Could the Browns make a play for A.J. McCarron?

Jan 9, 2016; Cincinnati, OH, USA; Cincinnati Bengals quarterback AJ McCarron (5) against the Pittsburgh Steelers during a AFC Wild Card playoff football game at Paul Brown Stadium. Mandatory Credit: Aaron Doster-USA TODAY Sports
Jan 9, 2016; Cincinnati, OH, USA; Cincinnati Bengals quarterback AJ McCarron (5) against the Pittsburgh Steelers during a AFC Wild Card playoff football game at Paul Brown Stadium. Mandatory Credit: Aaron Doster-USA TODAY Sports /

A.J. McCarron proved to be a more than serviceable backup quarterback in 2015. Could a team like the Browns make a play for him before the 2016 season?

Hue Jackson is the new head coach of the Cleveland Browns. Insinuating that Johnny Manziel isn’t an option, Jackson has acknowledged that his team needs a quarterback.

And who better than a guy Jackson knows, A.J. McCarron?

The Cleveland Browns have the second overall pick of the NFL Draft, and given that the Titans–the team with the first pick–are set at quarterback, Cleveland will have first go at any quarterback in this year’s rookie class.

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University of California quarterback

Jared Goff

makes the most sense for Cleveland, as he seems to be the consensus top quarterback in the 2016 draft class. A three-year starter, Goff led a team that finished 1-13 his freshman year to an 8-5 record in 2015. The Golden Bears won the Armed Forces Bowl in January, marking Cal’s first bowl win since 2008.

But if Jackson and company decide to select a different player with their first pick, it’s entirely possible that the Browns would still need a quarterback.

Here’s where McCarron plays in.

Jackson has developed a relationship with McCarron over the past two years. Jackson knows that he can trust McCarron, as the quarterback is a very efficient and reliable player. While he doesn’t make as many big plays downfield as Andy Dalton, McCarron can still sling the ball.

On Cleveland’s side, the predicament boils down to two things:

  • Can Hue Jackson trust a rookie quarterback as much as he trusts McCarron?

Rookie quarterbacks are hit-or-miss, no matter how hight they come in the draft. In Oakland, Jackson elected to pass on a quarterback early in the draft, trading for Carson Palmer instead. If Jackson believes McCarron can be the answer for Cleveland and trusts him as a passer, he’ll likely make an offer for the Bengals’ backup.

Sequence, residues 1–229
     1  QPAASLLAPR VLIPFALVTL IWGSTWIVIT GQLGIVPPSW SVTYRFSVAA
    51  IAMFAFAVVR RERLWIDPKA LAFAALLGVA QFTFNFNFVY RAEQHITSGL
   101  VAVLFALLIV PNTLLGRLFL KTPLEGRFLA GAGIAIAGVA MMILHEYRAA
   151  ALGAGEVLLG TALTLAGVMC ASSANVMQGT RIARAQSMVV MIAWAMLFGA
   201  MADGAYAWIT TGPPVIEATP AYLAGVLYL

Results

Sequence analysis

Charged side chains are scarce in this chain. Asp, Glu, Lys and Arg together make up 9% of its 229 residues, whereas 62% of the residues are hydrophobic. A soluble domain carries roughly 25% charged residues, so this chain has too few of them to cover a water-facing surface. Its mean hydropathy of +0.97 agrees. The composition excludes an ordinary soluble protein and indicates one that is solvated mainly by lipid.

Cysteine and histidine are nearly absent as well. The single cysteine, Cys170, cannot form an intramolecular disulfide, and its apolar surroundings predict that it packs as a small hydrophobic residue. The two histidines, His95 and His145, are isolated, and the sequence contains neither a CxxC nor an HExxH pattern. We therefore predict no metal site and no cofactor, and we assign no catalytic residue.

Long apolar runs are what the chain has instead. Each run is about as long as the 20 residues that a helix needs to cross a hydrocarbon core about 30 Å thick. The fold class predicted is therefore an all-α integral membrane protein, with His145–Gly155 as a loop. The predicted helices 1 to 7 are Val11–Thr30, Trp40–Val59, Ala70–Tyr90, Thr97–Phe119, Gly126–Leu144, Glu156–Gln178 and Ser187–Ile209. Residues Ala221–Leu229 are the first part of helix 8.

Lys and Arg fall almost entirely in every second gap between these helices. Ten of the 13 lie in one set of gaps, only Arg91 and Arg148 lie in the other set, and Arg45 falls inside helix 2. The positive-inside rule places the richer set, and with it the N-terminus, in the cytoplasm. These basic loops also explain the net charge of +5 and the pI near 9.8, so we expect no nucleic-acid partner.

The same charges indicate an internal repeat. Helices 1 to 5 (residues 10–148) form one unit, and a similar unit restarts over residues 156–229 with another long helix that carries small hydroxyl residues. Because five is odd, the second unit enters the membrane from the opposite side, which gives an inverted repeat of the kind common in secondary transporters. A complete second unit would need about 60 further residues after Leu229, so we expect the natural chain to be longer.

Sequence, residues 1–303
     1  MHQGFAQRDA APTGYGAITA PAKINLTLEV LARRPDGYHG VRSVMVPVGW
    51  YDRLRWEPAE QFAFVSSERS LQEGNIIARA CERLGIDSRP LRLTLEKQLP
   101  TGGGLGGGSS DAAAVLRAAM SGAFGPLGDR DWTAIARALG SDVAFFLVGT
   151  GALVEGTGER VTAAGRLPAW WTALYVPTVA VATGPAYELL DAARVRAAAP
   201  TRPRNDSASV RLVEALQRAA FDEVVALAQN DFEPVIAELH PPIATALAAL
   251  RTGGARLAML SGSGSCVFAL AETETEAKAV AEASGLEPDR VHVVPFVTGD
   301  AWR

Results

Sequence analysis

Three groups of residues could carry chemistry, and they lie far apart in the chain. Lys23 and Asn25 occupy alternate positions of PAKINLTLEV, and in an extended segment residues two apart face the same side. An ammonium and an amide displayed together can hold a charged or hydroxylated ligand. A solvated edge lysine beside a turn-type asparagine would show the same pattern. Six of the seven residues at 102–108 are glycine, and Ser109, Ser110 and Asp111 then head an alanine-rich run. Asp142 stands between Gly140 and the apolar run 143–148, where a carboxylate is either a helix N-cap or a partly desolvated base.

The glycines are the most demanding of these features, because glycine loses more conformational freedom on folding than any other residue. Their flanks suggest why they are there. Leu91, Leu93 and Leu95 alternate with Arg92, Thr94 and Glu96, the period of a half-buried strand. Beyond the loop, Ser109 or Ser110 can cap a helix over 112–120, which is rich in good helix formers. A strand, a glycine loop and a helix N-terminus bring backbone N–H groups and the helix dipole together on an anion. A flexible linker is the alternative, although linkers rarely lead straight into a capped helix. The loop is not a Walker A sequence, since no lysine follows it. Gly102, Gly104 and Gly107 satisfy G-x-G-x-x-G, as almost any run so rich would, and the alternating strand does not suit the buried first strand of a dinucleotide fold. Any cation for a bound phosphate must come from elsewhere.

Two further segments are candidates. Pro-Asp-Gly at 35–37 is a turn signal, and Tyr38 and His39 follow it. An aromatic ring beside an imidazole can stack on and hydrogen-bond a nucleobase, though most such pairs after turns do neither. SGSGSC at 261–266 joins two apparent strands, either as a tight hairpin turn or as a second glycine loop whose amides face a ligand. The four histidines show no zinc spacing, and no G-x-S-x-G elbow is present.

• Is quarterback the Browns’ biggest position of need?

There are plenty of glaring needs in Cleveland, and Jackson may believe that his team needs to fill positions of need before selecting a signal-caller so that he can be comfortable. Rookie quarterbacks often struggle, especially if there isn’t a stable offensive line, a running back who can force opponents to blitz less frequently and reliable weapons in the passing game.

From Cincinnati’s side, the Bengals would gladly trade McCarron away for the right price. After all, he was a fifth-round draft pick who now could command a second or third-round pick in a trade. And given that McCarron will be a free agent a year from now–and won’t re-sign in Cincinnati as a backup, the Bengals have to know that they’d get the most value out of McCarron by trading him. The Bengals have two questions to answer here:

  • Would Cincinnati be comfortable bringing in another quarterback to back up Dalton?

The Bengals played very well with McCarron behind center, and he looks like one of the NFL’s best backup quarterbacks. But if Dalton were to go down again, would his backup be able to carry the load? If the Bengals are comfortable either drafting or signing another quarterback, there’s one more question to answer.

  • Would the Bengals believe that McCarron can be the answer in Cleveland?

While Hue Jackson is close to the Bengals organization, it’s time to face the facts. He’s an enemy. Wishing success for the former Bengals coach would be, in a way, wrong. If the Browns become a good team, that’s two less easy games for Cincinnati every season. If the Bengals believe McCarron is the real deal, there’s no way they’ll deal him to Cleveland.

At the end of the day, whether the Bengals believe McCarron is a viable starting quarterback will determine whether or not they’ll trade him to Cleveland. There are 30 other teams in the NFL, and many of them could make offers for the former Alabama quarterback. If an NFC team offers a third-round or even second-round pick, the Bengals would be dumb not to accept.

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But McCarron to Cleveland? As of now, it doesn’t seem like a very likely scenario.